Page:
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Aircraft Mechanics - Physical Demands
Aircraft mechanics frequently:
- Use their hands to handle, control, or feel objects, tools, or controls.
- Stand for long periods of time.
It is important for aircraft mechanics to be able to:
- See details of objects that are less than a few feet away.
- Use fingers to grasp, move, or assemble very small objects.
- Make quick, precise adjustments to machine controls.
- Hold the arm and hand in one position or hold the hand steady while moving the arm.
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- Use one or two hands to grasp, move, or assemble objects.
- Move two or more limbs together (for example, two arms, two legs, or one leg and one arm) while remaining in place.
- See differences between colors, shades, and brightness.
- Understand the speech of another person.
- Speak clearly so listeners can understand.
- Hear sounds and recognize the difference between them.
It is not as important, but still necessary, for aircraft mechanics to be able to:
- See details of objects that are more than a few feet away.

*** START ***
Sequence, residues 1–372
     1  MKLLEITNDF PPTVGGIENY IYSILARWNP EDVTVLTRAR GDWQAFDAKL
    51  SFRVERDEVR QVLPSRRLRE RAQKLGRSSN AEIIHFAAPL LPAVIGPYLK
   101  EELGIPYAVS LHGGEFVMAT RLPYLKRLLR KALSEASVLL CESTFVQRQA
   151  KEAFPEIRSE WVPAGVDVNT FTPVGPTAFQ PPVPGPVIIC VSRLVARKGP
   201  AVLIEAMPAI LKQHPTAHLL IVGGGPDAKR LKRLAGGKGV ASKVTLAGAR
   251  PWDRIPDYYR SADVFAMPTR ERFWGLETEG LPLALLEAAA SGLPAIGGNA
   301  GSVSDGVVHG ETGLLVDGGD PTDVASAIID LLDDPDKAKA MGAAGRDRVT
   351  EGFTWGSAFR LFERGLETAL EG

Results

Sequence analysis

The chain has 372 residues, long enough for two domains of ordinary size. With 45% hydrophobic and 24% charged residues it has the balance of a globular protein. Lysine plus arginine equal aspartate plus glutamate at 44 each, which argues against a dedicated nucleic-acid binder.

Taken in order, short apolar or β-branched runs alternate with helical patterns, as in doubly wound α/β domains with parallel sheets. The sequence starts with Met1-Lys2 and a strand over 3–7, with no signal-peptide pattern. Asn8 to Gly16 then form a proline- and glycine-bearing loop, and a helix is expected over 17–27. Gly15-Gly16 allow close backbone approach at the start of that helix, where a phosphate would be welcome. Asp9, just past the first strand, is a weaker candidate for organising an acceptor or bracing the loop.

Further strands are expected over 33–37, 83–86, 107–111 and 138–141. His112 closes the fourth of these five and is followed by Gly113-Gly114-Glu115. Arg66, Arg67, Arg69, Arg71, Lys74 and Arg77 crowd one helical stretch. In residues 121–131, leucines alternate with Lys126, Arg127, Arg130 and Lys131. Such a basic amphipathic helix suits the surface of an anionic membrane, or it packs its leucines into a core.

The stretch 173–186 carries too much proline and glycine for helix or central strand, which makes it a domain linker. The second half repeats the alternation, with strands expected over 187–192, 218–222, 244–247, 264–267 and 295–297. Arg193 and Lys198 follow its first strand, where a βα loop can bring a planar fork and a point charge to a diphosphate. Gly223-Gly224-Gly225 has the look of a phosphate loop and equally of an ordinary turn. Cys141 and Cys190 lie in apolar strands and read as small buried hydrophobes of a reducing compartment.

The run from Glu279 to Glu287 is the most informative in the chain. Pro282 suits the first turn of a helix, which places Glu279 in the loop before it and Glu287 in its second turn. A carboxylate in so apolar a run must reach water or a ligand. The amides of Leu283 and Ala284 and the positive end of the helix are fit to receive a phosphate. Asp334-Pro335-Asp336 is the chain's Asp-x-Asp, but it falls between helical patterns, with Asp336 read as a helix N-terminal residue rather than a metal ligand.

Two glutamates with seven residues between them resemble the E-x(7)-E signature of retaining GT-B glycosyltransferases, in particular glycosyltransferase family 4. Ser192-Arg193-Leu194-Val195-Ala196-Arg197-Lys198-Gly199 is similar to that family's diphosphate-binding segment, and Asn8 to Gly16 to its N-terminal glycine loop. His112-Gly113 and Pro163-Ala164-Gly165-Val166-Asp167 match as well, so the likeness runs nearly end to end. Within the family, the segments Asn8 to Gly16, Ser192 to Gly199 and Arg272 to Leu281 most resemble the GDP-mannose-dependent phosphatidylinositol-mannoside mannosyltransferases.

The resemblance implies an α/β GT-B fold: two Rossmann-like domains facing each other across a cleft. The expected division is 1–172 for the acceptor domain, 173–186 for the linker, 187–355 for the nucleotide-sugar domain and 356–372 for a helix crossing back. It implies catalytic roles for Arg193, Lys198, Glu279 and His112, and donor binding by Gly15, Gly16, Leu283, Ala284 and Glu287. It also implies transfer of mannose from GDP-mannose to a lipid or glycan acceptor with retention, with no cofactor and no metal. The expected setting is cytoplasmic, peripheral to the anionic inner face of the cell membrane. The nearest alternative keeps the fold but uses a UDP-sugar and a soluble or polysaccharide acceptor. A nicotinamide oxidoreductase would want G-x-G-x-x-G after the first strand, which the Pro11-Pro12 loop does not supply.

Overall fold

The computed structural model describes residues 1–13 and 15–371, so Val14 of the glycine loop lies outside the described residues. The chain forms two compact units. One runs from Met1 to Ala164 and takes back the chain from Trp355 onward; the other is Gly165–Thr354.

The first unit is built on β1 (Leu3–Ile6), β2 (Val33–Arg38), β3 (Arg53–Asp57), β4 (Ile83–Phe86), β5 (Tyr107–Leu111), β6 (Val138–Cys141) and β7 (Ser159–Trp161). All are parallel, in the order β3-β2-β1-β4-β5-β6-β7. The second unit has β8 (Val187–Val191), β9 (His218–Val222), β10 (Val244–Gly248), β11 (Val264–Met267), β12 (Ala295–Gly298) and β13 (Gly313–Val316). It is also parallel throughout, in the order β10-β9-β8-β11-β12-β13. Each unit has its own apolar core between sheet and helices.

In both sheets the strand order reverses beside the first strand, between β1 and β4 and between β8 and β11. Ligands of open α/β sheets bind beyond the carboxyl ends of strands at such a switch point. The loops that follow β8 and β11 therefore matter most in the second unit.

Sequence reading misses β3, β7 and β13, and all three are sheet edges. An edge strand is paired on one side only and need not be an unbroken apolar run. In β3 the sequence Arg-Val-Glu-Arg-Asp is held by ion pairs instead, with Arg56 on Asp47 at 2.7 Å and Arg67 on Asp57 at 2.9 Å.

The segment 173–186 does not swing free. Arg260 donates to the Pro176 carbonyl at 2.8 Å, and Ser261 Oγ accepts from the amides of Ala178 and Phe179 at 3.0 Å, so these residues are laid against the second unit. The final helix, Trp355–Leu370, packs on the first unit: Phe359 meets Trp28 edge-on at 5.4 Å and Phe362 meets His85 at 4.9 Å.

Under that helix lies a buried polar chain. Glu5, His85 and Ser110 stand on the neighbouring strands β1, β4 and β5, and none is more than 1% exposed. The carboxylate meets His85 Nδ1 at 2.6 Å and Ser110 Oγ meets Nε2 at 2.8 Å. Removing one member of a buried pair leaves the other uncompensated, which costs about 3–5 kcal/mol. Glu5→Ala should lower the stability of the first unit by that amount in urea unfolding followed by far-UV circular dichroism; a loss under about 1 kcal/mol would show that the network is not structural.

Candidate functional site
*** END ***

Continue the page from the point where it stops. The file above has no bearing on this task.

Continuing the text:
- Focus on one source of sound and ignore others.
- Use stomach and lower back muscles to support the body for long periods without getting tired.
- Bend, stretch, twist, or reach out.
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- React quickly using hands, fingers, or feet.
- Use muscles to lift, push, pull, or carry heavy objects.
- Determine the distance between objects.
- Adjust body movements or equipment controls to keep pace with speed changes of moving objects.
- Choose quickly and correctly among various movements when responding to different signals.
- Be physically active for long periods without getting tired or out of breath.
- Use muscles for extended periods without getting tired.
- Coordinate movement of several parts of the body, such as arms and legs, while the body is moving.
- Keep or regain the body's balance or stay upright when in an unstable position.
- Make fast, repeated movements of fingers, hands, and wrists.